More Repairs Ordered in CA Oil Spill

Wednesday, November 18, 2015 @ 10:11 AM gHale

An oil pipeline operator that suffered a spill of more than 100,000 gallons of crude on the California coast this year must purge a neighboring line and make repairs so it doesn’t fail.

The line owned by Plains All American Pipeline ended up built and operated in the same way as the line that broke May 19 outside Santa Barbara and federal regulators found inspections of both pipes had underestimated corrosion inside.

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Although officials idled the 129-mile pipeline in late May, it has been full of unprocessed crude from offshore oil platforms that could contribute to further corrosion as rust inhibitor loses its effectiveness.

The corrective action order is the latest from the Pipeline and Hazardous Materials Safety Administration (PHMSA) targeting Plains for problems that have come to light since the spill.

The agency continues to investigate why the two-foot wide pipeline sprang a leak onshore and then began flowing across a pristine Santa Barbara County beach into the Pacific before the leak ended up contained.

Oil from the spill washed up on beaches more than 100 miles away and officials found about 300 dead animals, including pelicans and sea lions.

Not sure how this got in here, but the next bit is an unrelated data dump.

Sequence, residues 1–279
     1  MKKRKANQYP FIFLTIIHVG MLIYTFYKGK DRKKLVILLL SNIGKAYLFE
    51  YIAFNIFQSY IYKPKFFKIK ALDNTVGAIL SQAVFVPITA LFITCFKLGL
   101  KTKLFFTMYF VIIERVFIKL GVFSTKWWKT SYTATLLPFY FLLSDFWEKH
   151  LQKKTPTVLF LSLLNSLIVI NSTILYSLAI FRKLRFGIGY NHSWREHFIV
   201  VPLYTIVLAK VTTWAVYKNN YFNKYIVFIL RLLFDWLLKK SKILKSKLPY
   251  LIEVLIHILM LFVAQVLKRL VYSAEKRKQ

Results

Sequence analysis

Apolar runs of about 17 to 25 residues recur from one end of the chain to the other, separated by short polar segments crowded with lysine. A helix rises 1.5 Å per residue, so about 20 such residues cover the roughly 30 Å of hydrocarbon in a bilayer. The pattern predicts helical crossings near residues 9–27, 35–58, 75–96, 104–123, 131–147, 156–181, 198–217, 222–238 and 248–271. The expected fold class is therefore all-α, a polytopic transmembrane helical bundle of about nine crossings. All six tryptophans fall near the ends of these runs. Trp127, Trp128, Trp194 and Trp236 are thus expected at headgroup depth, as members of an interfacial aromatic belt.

Corrosion appears to be the main culprit behind the spill and regulators previously said preliminary results from internal inspections revealed the 10.6 mile-long pipeline lost nearly half the metal near the break had vastly underestimated just how thin the pipe had become.

Regulators said Friday internal inspections over the past 10 years on both lines had “under-called” problems in areas of general corrosion. Field examinations found these problem areas were bigger than a high-tech tool that runs through the pipe had predicted.

However, Plains never shared its field reports with the company that ran the tests, which is common practice, the agency said. That prevented the unnamed inspection company from being able to validate its detection capabilities, limitations and confidence in its measurements.

“This is a very serious statement from PHMSA,” said Richard Kuprewicz, a pipeline safety expert. “They get this and they’re moving in the right direction.”

Plains said in a statement it did not agree with several of the agency’s findings, though it planned to purge the line.

Plains must also purge a 37-mile pipeline system that runs from three offshore platforms operated by Freeport-McMoRan Oil and Gas to the longer Plains pipeline. They will have to fill the pipes with an inert gas.